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Unions in Banking Sector Keep pace with time

Arjun Singh Rathore

“Lal Lal Lehrayega Inqualab Aayega” and “Aaj Kya Hai Hartal Hai ” In India for a common man the synonym of Union is ‘Strike and Bandh’. But in reality the trade unions have been an essential force for social change, without which a semblance of a decent and humane society is impossible under capitalism.

A Trade Union or Labour Union is an organization of workers who have banded together to achieve common goals in key areas such as wages, hours and working conditions, forming a cartel of labour. India has the largest number of trade unions. The Indian Trade Union Act 1926, is the principle act which controls and regulates the mechanism of Trade Unions. In India, political lines and ideologies influence Trade Union movements. And despite of the political parties are forming and running Trade Unions, they have developed very slowly. But still unions brought about some economic, political and social betterment of the workers. Economically, they have improved the lot of the workers. Politically, the unionism has produced a mighty secular anti-imperialist, anti-capitalist, equalitarian and socialistic force of national economy. The degree of unionism varies widely from industry to industry. Though trade unions are of various sizes with thousands of members, yet, most of the unions are still characterized by their small size and small membership. There are four main types of trade unions in India:-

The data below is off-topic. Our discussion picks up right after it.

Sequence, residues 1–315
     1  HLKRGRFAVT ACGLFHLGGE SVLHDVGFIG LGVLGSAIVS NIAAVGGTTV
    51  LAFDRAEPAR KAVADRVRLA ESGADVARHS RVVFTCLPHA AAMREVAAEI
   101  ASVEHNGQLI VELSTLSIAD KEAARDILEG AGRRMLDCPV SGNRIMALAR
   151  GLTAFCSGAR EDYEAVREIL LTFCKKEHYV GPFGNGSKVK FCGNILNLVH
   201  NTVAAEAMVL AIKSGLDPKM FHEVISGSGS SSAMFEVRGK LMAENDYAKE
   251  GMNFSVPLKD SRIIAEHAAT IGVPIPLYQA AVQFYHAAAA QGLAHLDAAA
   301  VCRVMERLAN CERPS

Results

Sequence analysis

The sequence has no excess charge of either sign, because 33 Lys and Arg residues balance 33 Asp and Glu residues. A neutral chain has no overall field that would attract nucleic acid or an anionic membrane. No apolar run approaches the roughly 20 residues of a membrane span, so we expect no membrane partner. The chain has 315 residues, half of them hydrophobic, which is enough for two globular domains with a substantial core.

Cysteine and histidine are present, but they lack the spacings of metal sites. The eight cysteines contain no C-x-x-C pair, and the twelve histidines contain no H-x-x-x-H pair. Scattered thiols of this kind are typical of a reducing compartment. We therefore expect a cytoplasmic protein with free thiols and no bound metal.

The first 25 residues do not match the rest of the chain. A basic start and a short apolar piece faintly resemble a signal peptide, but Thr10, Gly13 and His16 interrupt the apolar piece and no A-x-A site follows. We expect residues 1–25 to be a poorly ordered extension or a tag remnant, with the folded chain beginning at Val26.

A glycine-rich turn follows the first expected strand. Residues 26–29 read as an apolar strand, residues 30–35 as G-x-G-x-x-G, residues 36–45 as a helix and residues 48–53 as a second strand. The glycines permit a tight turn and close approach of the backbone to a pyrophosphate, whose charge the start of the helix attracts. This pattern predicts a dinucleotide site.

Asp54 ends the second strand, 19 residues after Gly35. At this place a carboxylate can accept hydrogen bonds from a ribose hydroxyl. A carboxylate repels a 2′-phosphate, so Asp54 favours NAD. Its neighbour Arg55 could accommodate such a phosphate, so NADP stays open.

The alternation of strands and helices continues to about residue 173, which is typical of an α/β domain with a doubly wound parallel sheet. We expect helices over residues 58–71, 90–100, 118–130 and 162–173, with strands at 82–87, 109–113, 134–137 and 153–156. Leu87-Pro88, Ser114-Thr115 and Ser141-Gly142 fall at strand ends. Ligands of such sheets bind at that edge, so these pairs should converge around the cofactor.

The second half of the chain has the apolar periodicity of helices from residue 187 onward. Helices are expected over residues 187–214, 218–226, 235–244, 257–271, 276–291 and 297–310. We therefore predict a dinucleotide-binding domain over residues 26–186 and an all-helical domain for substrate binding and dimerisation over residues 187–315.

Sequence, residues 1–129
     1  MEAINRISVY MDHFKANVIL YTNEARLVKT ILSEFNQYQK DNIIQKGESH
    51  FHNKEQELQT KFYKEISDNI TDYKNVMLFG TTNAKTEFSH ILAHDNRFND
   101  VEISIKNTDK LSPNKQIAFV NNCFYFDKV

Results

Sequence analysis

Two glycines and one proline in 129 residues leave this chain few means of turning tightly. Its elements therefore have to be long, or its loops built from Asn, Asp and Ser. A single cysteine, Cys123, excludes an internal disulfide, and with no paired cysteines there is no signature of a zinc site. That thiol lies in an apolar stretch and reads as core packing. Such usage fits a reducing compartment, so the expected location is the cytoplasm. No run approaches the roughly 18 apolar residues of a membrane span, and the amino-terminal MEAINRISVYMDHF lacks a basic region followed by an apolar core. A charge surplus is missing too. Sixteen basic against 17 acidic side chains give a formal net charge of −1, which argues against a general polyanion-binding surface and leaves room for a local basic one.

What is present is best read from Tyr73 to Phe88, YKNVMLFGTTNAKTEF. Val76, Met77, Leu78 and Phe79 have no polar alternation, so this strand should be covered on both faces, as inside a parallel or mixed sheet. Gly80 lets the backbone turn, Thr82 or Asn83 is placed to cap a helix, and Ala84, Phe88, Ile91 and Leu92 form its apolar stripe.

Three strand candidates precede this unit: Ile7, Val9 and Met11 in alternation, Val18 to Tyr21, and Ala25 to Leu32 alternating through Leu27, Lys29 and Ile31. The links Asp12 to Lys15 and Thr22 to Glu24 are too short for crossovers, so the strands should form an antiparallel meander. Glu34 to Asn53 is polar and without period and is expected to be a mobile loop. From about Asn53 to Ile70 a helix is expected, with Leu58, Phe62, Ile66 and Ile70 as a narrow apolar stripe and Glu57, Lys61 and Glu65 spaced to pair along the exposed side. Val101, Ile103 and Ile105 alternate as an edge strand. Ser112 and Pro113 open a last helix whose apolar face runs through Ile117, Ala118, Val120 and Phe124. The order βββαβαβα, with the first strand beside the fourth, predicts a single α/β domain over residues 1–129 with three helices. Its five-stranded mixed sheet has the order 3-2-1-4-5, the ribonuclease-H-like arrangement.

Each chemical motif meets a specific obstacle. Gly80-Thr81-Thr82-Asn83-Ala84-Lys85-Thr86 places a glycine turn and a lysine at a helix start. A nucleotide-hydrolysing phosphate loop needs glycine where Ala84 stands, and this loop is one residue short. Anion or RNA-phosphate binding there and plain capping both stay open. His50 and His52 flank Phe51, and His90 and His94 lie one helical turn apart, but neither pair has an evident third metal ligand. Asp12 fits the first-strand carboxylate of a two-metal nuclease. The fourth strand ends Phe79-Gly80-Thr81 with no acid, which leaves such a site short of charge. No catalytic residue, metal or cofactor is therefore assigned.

i) General Unions, These are for skilled and unskilled workers performing different jobs in different industries(e.g., Clerical Staff, Transport Workers, Cleaners, etc.,)

ii) Industrial Unions

iii) Craft Unions

iv) White Collar Unions

In present times with the opening of doors for the Multi National Companies the White Collar Unions have altogether changed it’s role, especially in Banking Industry. Prior to nationalization, the majority of the banks were dominated by large industrial houses and their recruitment was based mainly on family connections or recommendations. Employees normally came from middle class. The working conditions of employees left much to be desired. Management style was generally autocratic. The employees tolerated it, in view of social antecedents of White Collar employees.